AMES, Iowa (AP) — Iowa State University President Steven Leath received personal flight lessons from a former Republican lawmaker who was appointed around the same time into a high-paying university job without a search, Leath acknowledged Friday.
Leath told the Iowa State Daily student newspaper that now-university vice president Jim Kurtenbach helped him train in late 2014 to obtain an instrument rating that allowed Leath to fly the university's single-engine plane by himself.
In November of that year, the school announced that it had cancelled a planned national search and that Kurtenbach, a former ISU associate dean, had been selected to return as interim vice president and chief information officer.
The acknowledgment adds another layer to the scandal surrounding Leath's use of university planes for a mix of official duties and personal business.
Seven months after obtaining an instrument rating to fly the school's Cirrus SR22 plane, Leath damaged the plane in a rough landing while returning from a vacation in North Carolina in July 2015. Leath has blamed windy conditions, but the FAA required him to undergo a reexamination of his flight skills. Leath passed and kept his certification.
Leath vowed last month to stop flying the plane, which was purchased with private donations for $498,000 in 2014, after The Associated Press revealed the accident. He also donated $15,000 to the university's foundation to cover the damage and related costs.
On Wednesday, Leath said that he regretted mixing personal and business trips on both university planes and would be more careful in the future.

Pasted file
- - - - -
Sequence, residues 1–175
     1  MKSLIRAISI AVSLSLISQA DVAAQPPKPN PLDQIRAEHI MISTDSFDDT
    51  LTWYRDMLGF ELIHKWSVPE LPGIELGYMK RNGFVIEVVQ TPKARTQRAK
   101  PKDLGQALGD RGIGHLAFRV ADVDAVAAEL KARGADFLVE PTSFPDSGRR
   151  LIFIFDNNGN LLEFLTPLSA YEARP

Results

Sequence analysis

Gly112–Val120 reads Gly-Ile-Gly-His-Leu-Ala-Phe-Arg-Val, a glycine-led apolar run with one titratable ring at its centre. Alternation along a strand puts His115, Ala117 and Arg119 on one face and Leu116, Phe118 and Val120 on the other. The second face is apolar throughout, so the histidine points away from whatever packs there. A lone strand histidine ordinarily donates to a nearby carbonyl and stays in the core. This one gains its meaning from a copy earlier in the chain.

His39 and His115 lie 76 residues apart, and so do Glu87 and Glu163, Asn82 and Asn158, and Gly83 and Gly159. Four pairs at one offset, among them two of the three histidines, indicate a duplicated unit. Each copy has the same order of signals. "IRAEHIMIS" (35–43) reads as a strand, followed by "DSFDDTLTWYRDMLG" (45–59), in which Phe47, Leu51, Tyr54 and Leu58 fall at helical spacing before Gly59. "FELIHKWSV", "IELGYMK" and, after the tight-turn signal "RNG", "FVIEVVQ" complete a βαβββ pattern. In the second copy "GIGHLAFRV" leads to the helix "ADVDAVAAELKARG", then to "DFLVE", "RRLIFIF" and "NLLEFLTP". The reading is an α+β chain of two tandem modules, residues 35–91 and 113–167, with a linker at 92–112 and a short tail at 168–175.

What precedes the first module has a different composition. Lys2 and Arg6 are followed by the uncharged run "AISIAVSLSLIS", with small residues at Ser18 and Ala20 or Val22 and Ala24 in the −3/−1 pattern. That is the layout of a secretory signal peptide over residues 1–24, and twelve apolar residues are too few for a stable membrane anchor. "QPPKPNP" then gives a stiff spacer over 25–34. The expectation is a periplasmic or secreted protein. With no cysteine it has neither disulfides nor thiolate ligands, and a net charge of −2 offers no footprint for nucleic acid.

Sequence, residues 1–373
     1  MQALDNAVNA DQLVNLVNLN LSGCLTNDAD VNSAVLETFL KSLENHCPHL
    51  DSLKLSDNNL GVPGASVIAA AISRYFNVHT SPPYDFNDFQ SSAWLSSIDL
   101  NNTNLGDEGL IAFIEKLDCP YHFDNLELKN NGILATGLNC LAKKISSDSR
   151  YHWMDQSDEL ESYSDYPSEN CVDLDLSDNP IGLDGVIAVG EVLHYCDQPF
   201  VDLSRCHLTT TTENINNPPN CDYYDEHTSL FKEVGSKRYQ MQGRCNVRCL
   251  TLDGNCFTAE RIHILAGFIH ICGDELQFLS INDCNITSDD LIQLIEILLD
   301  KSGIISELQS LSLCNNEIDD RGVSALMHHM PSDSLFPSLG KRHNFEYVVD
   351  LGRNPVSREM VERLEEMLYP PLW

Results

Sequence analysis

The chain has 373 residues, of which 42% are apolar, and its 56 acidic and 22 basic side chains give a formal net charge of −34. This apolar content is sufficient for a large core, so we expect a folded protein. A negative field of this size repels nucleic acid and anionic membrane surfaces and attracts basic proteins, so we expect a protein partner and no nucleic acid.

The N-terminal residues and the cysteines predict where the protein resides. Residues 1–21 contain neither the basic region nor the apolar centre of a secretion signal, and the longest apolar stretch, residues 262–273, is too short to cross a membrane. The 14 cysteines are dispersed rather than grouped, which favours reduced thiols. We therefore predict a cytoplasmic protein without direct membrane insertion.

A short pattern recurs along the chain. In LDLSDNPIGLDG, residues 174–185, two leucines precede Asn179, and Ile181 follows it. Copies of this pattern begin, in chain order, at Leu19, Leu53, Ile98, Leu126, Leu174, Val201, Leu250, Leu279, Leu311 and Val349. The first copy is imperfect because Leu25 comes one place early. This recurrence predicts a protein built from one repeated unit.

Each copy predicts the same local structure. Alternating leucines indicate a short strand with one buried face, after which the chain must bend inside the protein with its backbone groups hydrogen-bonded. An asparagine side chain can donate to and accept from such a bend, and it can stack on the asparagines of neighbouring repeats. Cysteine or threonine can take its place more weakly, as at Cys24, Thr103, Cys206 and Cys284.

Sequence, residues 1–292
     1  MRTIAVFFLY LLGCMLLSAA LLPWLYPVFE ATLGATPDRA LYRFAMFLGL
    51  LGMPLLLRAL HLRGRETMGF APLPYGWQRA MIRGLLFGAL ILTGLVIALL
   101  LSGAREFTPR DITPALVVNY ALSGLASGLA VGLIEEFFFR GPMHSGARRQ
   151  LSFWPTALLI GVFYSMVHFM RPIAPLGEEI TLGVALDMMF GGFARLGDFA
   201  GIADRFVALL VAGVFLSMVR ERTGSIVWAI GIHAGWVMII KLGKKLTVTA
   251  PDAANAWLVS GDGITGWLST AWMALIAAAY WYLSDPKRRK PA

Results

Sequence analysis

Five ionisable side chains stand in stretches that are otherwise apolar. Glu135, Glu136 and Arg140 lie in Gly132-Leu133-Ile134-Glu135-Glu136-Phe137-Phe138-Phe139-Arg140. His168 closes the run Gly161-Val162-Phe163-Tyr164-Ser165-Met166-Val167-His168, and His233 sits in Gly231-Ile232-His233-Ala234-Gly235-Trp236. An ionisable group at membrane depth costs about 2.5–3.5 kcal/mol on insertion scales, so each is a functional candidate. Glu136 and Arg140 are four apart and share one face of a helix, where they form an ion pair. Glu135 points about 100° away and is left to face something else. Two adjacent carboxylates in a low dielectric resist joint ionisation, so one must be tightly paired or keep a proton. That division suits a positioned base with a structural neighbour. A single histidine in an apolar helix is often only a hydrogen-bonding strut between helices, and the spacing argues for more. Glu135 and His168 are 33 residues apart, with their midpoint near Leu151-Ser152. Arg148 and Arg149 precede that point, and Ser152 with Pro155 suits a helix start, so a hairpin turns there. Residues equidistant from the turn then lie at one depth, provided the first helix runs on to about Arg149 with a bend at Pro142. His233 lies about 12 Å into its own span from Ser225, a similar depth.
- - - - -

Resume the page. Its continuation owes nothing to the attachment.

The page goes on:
Kurtenbach offered to help Leath complete his flight training in fall 2014, after ISU Provost Jonathan Wickert had started talks to recruit Kurbenbach for the CIO opening, Leath said. Leath said the CIO position didn't report to him at the time and that he wasn't involved in hiring Kurtenbach, who was working for an Ames-based company.
Leath said the timing worked well because the two were able to train during Thanksgiving and Christmas breaks before Kurtenbach started his job Jan. 1, 2015. Leath said he took his final lesson from Kurtenbach days later, and was granted a new certification from the Federal Aviation Administration that month.
It wasn't clear whether Leath paid for the lessons, which typically cost $35 per hour for the instructor plus plane rental. A university spokeswoman said she would look into the question Friday afternoon.
University policy prohibits employees from accepting anything of value from anyone seeking to do business with the state or who has interests that may be "substantially and materially affected" by their performance of duties.
Leath moved Kurtenbach into the position permanently on July 1 of this year — at a salary of $252,794. The Iowa Board of Regents approved the appointment of Kurtenbach, who now reports to Leath after an administrative restructuring.
Dating back to Sept. 25, Leath and his aides hadn't responded to AP inquiries about Kurtenbach's role in his flight training. Kurtenbach, a former co-chairman of the Iowa Republican Party who served in the Iowa House of Representatives from 2003 to 2007, also hasn't returned messages.
Kurtenbach had worked at Iowa State as an accounting professor since 1991, and served as associate engineering dean from 2010 until 2013.
In announcing Kurtenbach's appointment, Wickert said that it made sense to appoint an interim leader with institutional knowledge rather than conduct the planned search because the school was looking to save money in information technology.